The biblical motif of a land divinely-promised and given to Abraham and his descendants is argued to be an ideological reflex of post-monarchic, territorial disputes between competing socio-religious groups. The important biblical motif of a Promised Land is founded upon the ancient Near Eastern concept of ancestral land: hereditary space upon which families lived, worked, died and were buried. An essential element of concept of ancestral land was the belief in the post-mortem existence of the ancestors, who were venerated with grave offerings, mortuary feasts, bone rituals and standing stones. The Hebrew Bible is littered with stories concerning these practices and beliefs, yet the specific correlation of ancestor veneration and certain biblical land claims has gone unrecognized. The book remedies this in presenting evidence for the vital and persistent impact of ancestor veneration upon land claims. It proposes that ancestor veneration, which formed a common ground in the experiences of various socio-religious groups in ancient Israel, became in the Hebrew Bible an ideological battlefield upon which claims to the land were won and lost.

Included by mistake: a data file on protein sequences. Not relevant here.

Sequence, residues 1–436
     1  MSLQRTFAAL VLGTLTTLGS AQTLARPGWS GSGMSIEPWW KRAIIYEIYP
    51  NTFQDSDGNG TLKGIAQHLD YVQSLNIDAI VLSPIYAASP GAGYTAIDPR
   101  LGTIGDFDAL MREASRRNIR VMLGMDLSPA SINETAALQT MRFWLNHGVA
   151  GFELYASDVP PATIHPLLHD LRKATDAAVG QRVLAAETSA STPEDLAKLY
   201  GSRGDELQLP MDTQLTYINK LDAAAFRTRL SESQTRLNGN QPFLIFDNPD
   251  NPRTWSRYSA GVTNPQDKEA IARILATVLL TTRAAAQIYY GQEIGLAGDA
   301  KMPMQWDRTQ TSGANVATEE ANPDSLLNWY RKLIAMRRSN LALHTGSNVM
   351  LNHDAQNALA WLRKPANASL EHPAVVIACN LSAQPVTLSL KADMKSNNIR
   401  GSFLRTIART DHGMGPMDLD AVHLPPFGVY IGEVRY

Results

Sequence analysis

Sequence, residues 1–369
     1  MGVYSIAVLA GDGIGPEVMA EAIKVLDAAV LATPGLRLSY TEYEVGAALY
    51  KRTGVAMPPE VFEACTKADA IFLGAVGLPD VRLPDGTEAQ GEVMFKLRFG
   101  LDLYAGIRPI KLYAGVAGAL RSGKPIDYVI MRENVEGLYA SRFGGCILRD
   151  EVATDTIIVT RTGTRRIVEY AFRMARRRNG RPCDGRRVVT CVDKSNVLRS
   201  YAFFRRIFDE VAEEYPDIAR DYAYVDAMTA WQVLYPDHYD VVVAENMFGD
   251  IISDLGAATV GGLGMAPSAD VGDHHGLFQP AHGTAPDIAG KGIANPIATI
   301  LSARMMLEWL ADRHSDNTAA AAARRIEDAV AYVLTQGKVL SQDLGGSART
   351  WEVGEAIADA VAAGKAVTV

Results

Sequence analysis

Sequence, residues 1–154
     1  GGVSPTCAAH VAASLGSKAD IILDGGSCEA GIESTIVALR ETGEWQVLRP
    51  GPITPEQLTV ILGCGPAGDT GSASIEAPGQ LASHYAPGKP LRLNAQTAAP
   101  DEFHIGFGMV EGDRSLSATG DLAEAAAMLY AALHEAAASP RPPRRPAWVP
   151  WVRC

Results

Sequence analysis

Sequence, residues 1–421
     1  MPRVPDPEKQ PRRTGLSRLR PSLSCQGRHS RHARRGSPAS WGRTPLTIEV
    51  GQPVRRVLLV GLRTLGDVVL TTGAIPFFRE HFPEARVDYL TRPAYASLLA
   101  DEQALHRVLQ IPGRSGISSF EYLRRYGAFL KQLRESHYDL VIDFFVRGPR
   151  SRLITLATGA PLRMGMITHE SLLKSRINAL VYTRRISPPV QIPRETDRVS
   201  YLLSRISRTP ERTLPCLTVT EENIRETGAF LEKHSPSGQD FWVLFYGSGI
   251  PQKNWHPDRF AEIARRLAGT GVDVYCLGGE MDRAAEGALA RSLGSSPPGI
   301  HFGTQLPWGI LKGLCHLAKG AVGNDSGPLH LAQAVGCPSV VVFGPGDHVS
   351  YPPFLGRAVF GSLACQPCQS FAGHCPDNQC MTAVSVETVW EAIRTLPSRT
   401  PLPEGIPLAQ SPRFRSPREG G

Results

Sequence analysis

Francesca Stavrakopoulou is Lecturer in Hebrew Bible, University of Exeter. Her research focuses on ancient Israelite religion, Judahite kingship, and history and ideology in the Hebrew Bible. She is the author of King Manasseh and Child Sacrifice: Biblical Distortions of Historical Realities (De Gruyter, 2004).